“The thing with the book is that it’s not the finish line, it’s the starting blocks,” said Greg (who is the talkative one). “So we’ve given you a good base to work from and we’re not precious about it, so go ahead – fool around, don’t be scared. We’ll get you out the gate. Getting over the finish line is up to you.”

The Karoo Lamb was rich and served with dumplings which bubbled in the gravy at the end of the cooking time; Braaied and Crusty Cape-ssoulet is Greg’s invention, a take on classic French cassoulet. Here, the meats are braaied – lamb knuckles, pork rashers, pork sausages – followed by a saucy potjie element. Then in go samp and beans, for a period of “whispering” (it’s a whole language of its own I tell you). Breadcrumbs (in this case Karl’s own-made sourdough) and Parmesan cheese go on top, lid on, coals on, until crisp and golden.

It’s the same milk tart from the first book, but bumped up with some aromatic chai rooibos. (Photo: Louis Hiemstra)

The milk tart was gorgeous and I was very happy with the state of my mouth and my belly, but Greg insisted I also try the pecan and pear crumble with blue cheese ice cream. “What if we made a dessert that was kinda like a sweet, buttery crumble and kinda like a funky creamy cheese board? Sounds crazy. Let’s try it,” says the recipe, and I think that last bit pretty much sums up these guys. There’s a sense of fun and adventure in their food and their book, and that reflects their personalities. And I have to say, I don’t care if they blush, that there’s something enormously attractive about men who are not chefs but flipping good at and passionate about cooking. We talked in depth about the food, and debated different types of wood, among many other things, including something dreadful that is being done to Tolkien.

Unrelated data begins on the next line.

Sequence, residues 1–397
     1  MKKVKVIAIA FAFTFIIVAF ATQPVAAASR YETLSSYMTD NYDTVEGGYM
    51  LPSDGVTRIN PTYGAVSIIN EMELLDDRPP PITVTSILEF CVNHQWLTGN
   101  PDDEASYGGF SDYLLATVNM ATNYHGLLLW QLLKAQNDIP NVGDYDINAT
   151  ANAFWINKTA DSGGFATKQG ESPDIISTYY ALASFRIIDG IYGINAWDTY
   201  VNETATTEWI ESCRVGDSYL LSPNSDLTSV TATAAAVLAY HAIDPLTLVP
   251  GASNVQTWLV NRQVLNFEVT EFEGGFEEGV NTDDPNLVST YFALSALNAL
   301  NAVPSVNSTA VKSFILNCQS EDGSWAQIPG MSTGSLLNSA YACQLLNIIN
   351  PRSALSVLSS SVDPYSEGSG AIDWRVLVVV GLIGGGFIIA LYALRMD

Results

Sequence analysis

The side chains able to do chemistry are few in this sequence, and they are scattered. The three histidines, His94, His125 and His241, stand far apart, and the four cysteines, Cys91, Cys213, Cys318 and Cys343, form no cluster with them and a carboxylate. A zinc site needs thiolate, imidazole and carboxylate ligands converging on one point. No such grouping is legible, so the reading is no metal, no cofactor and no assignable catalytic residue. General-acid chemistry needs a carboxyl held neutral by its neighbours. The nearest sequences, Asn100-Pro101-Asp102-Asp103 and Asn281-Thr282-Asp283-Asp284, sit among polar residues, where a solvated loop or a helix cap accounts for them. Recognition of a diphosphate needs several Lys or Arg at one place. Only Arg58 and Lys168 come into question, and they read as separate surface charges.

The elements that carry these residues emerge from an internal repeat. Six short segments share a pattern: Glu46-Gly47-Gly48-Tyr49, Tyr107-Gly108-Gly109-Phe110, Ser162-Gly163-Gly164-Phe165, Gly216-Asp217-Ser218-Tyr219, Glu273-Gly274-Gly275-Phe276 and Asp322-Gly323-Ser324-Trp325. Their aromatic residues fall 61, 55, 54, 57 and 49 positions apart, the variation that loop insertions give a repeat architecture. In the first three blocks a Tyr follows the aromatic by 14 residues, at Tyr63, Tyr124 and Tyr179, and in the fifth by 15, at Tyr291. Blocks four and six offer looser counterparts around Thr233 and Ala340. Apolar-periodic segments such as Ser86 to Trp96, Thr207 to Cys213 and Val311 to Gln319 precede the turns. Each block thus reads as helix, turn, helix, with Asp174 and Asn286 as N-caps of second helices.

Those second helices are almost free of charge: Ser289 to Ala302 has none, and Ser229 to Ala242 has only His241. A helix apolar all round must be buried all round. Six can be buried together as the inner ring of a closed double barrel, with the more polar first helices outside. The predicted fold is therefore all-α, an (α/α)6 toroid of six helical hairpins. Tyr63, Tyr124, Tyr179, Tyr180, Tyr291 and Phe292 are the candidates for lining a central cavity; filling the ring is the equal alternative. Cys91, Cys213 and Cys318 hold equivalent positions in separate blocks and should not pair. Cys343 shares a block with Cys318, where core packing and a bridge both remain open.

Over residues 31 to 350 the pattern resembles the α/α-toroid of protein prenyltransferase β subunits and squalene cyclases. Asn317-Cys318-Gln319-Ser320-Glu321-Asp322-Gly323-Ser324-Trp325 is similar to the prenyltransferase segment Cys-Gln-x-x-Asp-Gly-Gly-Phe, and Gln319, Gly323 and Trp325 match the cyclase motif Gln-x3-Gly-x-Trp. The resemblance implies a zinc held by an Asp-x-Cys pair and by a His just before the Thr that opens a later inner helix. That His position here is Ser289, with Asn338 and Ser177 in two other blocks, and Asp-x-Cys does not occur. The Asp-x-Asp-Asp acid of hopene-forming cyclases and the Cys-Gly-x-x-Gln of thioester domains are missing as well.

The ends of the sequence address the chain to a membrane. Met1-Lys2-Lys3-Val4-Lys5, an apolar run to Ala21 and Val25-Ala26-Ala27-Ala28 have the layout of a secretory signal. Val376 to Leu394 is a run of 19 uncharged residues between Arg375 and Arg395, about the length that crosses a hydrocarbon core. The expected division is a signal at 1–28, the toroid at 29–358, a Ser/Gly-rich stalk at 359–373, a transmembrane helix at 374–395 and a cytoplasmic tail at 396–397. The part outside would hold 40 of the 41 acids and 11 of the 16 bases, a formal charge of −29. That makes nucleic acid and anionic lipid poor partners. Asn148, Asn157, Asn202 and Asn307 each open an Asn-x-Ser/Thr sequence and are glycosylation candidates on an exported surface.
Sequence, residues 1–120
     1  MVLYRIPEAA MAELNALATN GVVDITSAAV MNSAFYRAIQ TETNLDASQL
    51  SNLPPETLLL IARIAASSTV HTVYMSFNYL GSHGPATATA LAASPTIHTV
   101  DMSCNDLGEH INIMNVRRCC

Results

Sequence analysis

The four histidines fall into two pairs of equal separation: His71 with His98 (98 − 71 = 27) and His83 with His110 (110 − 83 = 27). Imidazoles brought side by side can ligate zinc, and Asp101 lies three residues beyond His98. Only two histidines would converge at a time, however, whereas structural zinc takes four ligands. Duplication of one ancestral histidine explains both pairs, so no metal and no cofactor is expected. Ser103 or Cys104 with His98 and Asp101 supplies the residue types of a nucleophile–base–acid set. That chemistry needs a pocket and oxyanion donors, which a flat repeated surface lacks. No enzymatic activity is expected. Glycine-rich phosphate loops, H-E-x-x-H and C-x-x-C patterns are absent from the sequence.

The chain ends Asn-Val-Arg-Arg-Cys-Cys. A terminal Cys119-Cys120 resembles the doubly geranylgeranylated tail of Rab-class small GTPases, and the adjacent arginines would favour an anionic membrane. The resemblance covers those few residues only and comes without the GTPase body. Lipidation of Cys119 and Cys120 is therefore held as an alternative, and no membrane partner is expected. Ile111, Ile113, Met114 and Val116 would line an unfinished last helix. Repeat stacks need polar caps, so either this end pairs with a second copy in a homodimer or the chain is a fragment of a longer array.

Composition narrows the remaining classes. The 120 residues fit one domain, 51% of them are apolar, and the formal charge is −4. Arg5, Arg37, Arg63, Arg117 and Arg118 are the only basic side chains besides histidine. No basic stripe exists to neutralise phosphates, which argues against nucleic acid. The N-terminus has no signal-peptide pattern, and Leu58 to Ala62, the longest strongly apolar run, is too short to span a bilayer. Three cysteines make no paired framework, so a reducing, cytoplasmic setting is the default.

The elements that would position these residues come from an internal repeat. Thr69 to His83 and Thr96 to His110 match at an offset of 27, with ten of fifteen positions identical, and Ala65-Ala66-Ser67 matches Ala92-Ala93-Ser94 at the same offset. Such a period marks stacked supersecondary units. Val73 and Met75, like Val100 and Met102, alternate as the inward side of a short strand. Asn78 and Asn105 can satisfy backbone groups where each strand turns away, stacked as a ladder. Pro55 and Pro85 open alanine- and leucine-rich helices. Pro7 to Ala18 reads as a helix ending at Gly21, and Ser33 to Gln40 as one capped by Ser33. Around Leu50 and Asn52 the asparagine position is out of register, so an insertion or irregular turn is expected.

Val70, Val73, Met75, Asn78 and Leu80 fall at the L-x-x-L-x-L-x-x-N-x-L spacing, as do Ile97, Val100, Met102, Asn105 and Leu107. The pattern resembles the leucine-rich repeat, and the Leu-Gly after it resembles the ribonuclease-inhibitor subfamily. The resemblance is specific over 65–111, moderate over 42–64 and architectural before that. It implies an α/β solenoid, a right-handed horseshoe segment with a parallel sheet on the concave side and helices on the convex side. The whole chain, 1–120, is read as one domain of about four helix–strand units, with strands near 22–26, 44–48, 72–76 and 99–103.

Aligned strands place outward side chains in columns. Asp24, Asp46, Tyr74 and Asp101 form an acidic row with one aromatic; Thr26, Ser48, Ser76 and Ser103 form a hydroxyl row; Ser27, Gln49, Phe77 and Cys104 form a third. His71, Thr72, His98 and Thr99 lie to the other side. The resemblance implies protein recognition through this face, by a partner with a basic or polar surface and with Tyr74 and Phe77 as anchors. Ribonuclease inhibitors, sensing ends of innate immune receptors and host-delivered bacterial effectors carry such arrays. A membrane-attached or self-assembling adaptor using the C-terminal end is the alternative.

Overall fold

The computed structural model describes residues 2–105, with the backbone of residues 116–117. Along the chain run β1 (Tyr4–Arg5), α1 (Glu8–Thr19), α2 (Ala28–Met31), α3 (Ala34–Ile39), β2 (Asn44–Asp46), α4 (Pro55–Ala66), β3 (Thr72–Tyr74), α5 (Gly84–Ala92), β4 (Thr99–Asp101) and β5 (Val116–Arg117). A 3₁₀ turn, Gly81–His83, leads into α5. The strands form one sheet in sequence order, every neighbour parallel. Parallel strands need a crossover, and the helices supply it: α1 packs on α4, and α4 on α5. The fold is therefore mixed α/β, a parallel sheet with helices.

As darkness fell, and we sat companionably around the fire, I mused out loud that to round out this story, I should make my own first potjie. But first I needed a potjie.

Longish story slightly shorter, I found one. A tiny number one, umber with rust. Potjies such as these languish in sheds and workshops, sometimes finding their way to car boot sales. The good news is they can be fixed. The book will tell you how. I Whatsapped Greg with great excitement.

“Now if only you knew a guy who knows a guy who wrote a book on bringing forgotten cast iron back from the dead?” he replied.

And that’s what happened. The transformation was incredible, and I am eternally grateful. Greg even said he loves fixing potjies so who am I to stand in his way?

“If it gets one – just one – forgotten potjie off a garage shelf and out into the coals, being used to make epic fire food, that’s good enough for me. Then the book’s a win and everything else is gravy,” said Greg. 

That it happened even before the book came out was even better.

One fine Sunday, I lit a fire and made a High Elf Oxtail Potjie. It’s actually “Highveld” in the book but through the joys of autocorrect it will now and forever be known as High Elf. I enjoyed it thoroughly – the prep, the cooking (three hours, one drinks quite a bit of wine), and the eating. Oh and most definitely the leftovers. Next, I’m doing those chicken wings that I can’t get out of my mind. DM/TGIFood

Follow Bianca Coleman on Instagram @biancaleecoleman

The writer supports The Gift of the Givers Foundation, the largest disaster response, non-governmental organisation of African origin on the African continent.